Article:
As a non-drinker, I am sometimes a little jealous of the seemingly endless varieties of locally produced wines, beers and ciders (the list goes on) that are to be found all over the world. I would wager that there are very few regions that don’t produce their own alcoholic tipple, and, as I found out on a recent work trip, the Azores are certainly no exception. In fact, the incredible vineyards on the island of Pico are a UNESCO World Heritage Site and they produce some excellent wines – well, according to my colleague James anyway! Fortunately for me, though, the Azores don’t only produce alcoholic beverages: I was very happy to discover that they also have their own tea and a soft drink called Kima.
Firstly, the tea! São Miguel, the biggest island in the Azores archipelago, is home to the oldest remaining tea plantation in Europe. I have to say the plantation really does show its age, but that is by no means a negative comment: the estate’s maturity means it possesses a certain charm and tranquillity, as I was to discover. As the plantation is only a few minutes’ drive from Inntravel’s hotel in Maia, once we arrived, I needed to earn my first cup of tea with a short walk, which was actually no chore at all as there is no better way to ‘earn’ a cuppa than by having a lovely stroll around a tea plantation.
We had set off relatively early in the morning so we had the fields of tea pretty much to ourselves, which was a great way to appreciate the tranquillity of the estate. The route through the plantation heads uphill, with the terraces rising before you in large, neat green steps. As you wind your way through these, climbing steadily, the view behind you slowly develops, adding elements that you couldn’t see previously: starting from the tea factory, the Atlantic joins the backdrop and then more and more of the coast opens up. As we ascended, we passed one of the workers on horseback carrying pails of water, which really added to the whole ‘old world’ experience. And by the time we reached the highest point of the walk, we had earned a delightful view over the terraces down to the factory, with the coastline stretching away to the east and the vast Atlantic extending north, uninterrupted all the way to the southern coast of Greenland, which gives a tremendous sense of remoteness. Once you have soaked it all in, you pass back through the terraces, down to the tea factory itself.
This fabulous factory, despite being in operation, allows you to wander in and tour its interesting interior. The first thing you come across is the brilliant Victorian-era machinery. When I say Victorian machinery, that is literally what I mean: the pieces of apparatus that clunk and whir to process the tea leaves were made in Britain and date from the late 1800s. The beauty of these old machines is that you get an excellent view of how they actually work – there are no fancy plastic covers to spoil your view so you get a true insight, straight into the guts of the machine. This allows you to properly appreciate how all the components come together to create one beautiful piece of engineering.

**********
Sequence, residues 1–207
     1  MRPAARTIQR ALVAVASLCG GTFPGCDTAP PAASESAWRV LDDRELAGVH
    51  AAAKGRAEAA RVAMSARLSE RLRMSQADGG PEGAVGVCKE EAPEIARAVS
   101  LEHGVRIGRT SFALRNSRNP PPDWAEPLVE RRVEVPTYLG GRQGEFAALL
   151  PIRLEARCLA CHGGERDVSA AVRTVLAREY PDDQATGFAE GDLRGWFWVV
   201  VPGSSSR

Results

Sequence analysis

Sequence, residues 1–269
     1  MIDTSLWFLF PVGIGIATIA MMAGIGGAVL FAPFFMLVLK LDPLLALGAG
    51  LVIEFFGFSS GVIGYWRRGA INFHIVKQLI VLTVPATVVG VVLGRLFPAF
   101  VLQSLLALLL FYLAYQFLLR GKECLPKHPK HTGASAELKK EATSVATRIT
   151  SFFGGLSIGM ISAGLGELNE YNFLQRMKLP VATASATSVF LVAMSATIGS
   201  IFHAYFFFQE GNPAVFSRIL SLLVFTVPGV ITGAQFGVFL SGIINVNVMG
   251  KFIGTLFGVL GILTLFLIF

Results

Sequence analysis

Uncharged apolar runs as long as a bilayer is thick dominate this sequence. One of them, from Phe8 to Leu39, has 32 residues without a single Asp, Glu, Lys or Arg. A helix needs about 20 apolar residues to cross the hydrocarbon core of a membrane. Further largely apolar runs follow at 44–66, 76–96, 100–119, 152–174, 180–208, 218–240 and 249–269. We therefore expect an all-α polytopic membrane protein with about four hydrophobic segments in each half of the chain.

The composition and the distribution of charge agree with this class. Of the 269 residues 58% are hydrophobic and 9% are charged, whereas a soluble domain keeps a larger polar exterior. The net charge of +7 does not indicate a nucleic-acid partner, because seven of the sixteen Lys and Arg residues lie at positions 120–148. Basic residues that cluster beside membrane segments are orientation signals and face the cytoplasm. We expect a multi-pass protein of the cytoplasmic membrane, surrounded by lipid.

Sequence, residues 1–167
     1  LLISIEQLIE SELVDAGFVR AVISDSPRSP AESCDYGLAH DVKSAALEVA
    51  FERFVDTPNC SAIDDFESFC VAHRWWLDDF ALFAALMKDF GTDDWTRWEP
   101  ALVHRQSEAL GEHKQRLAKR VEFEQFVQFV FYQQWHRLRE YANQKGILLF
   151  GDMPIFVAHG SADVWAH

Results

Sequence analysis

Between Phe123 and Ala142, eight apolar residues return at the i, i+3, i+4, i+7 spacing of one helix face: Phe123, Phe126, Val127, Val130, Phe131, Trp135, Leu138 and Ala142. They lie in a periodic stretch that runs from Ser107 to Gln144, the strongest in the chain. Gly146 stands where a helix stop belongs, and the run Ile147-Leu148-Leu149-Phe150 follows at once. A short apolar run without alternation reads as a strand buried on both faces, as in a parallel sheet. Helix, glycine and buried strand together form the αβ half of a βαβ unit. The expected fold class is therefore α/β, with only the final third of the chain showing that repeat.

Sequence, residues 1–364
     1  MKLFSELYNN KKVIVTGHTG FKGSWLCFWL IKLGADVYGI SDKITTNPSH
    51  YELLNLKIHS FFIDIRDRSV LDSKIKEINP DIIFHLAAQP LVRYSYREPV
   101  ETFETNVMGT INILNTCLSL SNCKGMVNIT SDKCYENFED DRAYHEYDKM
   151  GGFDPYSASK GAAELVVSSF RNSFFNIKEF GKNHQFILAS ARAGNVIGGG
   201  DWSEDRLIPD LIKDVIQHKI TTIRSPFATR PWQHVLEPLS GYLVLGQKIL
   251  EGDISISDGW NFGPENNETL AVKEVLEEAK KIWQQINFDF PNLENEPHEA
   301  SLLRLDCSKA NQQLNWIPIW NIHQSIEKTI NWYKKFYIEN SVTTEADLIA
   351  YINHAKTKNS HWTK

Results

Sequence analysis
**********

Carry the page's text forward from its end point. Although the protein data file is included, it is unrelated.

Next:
After all this exploration, I was very glad to see the tasting area: having been able to appreciate the entire process, I was especially keen to try the finished product. I am no tea expert, and that is something of an understatement, but this seemed pretty delicious to me. The black tea sat somewhere between a light Twinings and our slightly stronger office favourite, Yorkshire Tea (what else are we going to drink in the heart of Yorkshire?!). The green tea was also very good, though, to be honest, I have nothing to compare it against. Having had a fabulous morning – and I would suggest an early visit to avoid the busier periods later in the day – I can now appreciate tea far more than I did previously!
Now I have to admit that I have a bit of sweet tooth so inevitably the Kima soft drink was always going to be my preferred tipple, but I wasn’t expecting it to rank so highly against the soft drinks from back home. Kima is a brilliantly simple drink, based on passion fruit but with a nice fizz. It’s the perfect refresher after a long walk, and so many of my memories of Kima are inevitably tied to some superb hiking routes.
One of my favourite Kima pit-stops came on São Jorge. After a descent which began high on the clouded central ridge of this cigar-shaped island, we quickly emerged into sunshine and were able to see the beautiful azure ocean stretching ahead with the island of Terceira sitting elegantly in the calm waters. As we descended through fields and rustic gates, we walked past small herds of tranquil cattle that barely raised a head to watch us pass. After a brief stop at a beautiful waterfall, we arrived just above the little hamlet of Fajã da Caldeira do Santa Cristo, which is built on a volcanic spur that juts out into the ocean, and surrounded by steep sea cliffs. When we entered this small village, we were the only ones about and so we decided to stop for refreshment, a little warm after descending from the high ridge. I have to say that the bottle of Kima I purchased at the café was heaven sent, and the second was just as delicious! Thank goodness for the dirt track that allows quad bikes to bring supplies from the nearest road.
I could give you numerous other examples of when this refreshing burst of passion fruit was very welcome, but I must insist that you head there yourselves to experience it first-hand. Since returning home from the Azores, I have discovered that there is also a pineapple version of Kima, which is yet another reason – amongst many, many others – why I will definitely be returning to this spectacular set of islands.